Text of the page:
Israel: This country has always been a leader in water conservation because of its location and desert climate but recently they have taken their efforts above and beyond. Israel recycles 85% of its wastewater and within the next three years, 50 percent of its farming needs will be using recycled water. They have 300+ desalination plants which provide water for the country and export over $2 billion worth of filtered salt water to other countries in need.
Cape Town, South Africa: Even though the city’s population has increased over the last 15 years, they have managed to reduce their overall water consumption. This city implements two strategies to achieve this, employing technologies to utilize their water resource most efficiently and convincing their citizens to consume less water. Some technologies in place include, leak detection piping, adjusted water pressure, replacement of faulty water meters and improve parks irrigation practices. The city also implements a water training program in their schools, educating their young citizens on the importance of future water conservation.
San Francisco: This U.S. city also ranks high on the ACEEE City Energy Efficiency scorecard and implements water conservation practices on its property owners. These ordinances include utilizing low-flow shower heads, water saving faucets/toilets and installation of insulation on water heaters and in attics to reduce heating and cooling costs. The San Francisco Energy Watch is a program that rewards property owners monetarily for investing in energy saving appliances. Like Boston, San Francisco has energy codes and enforcement of these codes on large buildings to reduce energy and water use.
United Kingdom: The UK is a world leader in water metering technology which enhances the way that their residents can adjust their water usage using online databases. These smart meters give citizens an inside look on what their water is being used for and how much is utilized. This allows households to understand where their water consumption is used the most and alerts if there are any substantial increases which could signal a leak or other problem. The UK also provides incentives for home owners to install water saving technologies and smart water appliances to promote overall water conservation.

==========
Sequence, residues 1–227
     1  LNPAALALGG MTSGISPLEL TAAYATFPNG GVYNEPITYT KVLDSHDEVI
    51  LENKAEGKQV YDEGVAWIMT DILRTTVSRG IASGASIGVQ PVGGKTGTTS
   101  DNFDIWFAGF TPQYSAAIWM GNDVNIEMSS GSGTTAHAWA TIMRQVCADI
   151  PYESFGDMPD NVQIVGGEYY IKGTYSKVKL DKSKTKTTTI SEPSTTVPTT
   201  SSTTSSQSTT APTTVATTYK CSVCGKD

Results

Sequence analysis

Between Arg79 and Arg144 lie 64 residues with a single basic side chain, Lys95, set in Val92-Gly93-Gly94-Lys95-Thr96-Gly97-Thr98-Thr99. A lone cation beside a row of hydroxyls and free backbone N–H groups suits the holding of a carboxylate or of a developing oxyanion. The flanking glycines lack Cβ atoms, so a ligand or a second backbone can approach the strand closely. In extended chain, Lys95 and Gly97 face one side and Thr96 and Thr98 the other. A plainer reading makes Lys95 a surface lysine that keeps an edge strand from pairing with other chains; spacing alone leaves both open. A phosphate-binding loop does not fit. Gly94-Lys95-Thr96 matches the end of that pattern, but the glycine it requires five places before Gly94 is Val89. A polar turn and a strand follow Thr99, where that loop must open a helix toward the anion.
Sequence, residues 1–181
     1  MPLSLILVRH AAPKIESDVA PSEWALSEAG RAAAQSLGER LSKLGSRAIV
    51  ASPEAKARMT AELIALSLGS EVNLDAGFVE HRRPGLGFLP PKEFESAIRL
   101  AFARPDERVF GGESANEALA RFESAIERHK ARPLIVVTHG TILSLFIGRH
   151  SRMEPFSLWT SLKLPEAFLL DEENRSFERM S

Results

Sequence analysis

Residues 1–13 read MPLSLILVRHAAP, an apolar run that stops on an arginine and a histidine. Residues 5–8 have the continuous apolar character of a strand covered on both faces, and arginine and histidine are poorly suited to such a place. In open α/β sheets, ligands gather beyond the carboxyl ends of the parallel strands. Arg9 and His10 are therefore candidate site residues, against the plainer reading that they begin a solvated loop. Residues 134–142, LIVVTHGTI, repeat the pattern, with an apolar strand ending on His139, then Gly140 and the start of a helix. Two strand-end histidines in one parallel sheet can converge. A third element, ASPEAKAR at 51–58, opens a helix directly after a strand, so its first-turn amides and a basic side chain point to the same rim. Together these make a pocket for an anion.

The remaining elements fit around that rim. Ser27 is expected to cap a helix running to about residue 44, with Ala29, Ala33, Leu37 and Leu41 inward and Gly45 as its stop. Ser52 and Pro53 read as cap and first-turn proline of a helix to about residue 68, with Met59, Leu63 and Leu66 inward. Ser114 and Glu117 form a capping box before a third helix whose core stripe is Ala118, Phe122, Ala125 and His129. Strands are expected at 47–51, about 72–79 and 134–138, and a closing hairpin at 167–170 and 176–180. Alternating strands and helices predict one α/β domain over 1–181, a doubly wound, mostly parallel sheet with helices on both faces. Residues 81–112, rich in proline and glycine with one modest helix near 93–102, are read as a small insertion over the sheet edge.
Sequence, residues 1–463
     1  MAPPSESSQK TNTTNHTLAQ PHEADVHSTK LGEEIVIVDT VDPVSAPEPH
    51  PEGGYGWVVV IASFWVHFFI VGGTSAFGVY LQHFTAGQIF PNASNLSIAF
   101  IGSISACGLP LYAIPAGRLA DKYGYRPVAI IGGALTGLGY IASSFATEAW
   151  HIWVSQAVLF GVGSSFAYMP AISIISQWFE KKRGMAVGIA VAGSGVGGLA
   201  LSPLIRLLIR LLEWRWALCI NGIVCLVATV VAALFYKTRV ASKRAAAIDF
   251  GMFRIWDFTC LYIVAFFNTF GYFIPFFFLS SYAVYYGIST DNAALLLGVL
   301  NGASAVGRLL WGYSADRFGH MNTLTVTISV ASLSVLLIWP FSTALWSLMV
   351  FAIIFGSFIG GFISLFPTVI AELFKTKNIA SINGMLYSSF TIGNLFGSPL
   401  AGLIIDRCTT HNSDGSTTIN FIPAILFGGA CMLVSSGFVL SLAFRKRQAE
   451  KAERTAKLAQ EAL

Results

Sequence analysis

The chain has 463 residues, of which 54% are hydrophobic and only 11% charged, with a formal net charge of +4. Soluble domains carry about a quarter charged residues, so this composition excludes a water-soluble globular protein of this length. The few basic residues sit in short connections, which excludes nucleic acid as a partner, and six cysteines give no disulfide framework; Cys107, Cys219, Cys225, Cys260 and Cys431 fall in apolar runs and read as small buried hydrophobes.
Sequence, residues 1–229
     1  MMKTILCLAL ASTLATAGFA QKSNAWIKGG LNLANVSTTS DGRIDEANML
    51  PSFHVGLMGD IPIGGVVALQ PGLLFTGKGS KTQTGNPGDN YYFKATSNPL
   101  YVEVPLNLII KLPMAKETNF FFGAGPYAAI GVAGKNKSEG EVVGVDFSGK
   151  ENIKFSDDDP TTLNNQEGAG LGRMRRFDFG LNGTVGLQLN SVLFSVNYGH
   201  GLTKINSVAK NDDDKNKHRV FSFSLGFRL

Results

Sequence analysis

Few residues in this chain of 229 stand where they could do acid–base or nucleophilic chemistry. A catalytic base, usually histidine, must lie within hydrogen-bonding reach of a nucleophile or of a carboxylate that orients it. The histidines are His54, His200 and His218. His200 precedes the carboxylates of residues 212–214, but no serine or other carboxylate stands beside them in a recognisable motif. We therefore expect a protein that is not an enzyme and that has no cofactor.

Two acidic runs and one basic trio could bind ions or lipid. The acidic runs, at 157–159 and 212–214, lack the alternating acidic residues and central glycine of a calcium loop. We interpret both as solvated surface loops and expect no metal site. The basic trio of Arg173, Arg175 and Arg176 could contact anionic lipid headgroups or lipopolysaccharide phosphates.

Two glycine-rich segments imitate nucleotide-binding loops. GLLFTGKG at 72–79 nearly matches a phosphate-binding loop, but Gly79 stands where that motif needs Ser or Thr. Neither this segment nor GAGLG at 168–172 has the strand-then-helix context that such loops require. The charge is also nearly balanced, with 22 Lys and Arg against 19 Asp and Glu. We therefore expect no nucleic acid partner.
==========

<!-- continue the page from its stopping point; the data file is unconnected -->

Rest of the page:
South Korea: The South Korean government started a project in 2004 called Songdo, which is built on an artificial island and constructed to provide “green space” like rooftop vegetation. They also have installed rainwater collection systems which will capture water to be recycled and used for household appliances, irrigation on parks and for industrial buildings, reducing the demand for freshwater. These systems not only capture the rainwater but store it in containers to reduce the commercial use of precious freshwater.
Seattle: Along with the two other U.S. cities on this list, Seattle implements very strict building codes that require energy conservation policies to be enforced on new building plans. The enforcement is double checked by the city’s council members and tested by a private third-party company. In 2005, the city was the first in the U.S. to become “carbon neutral” with their construction of hydroelectric dams in the northwest region. The mayor also endorsed a zero funding policy into fossil fuel companies, paving the way for newer, eco-friendlier energy companies to provide services to the city.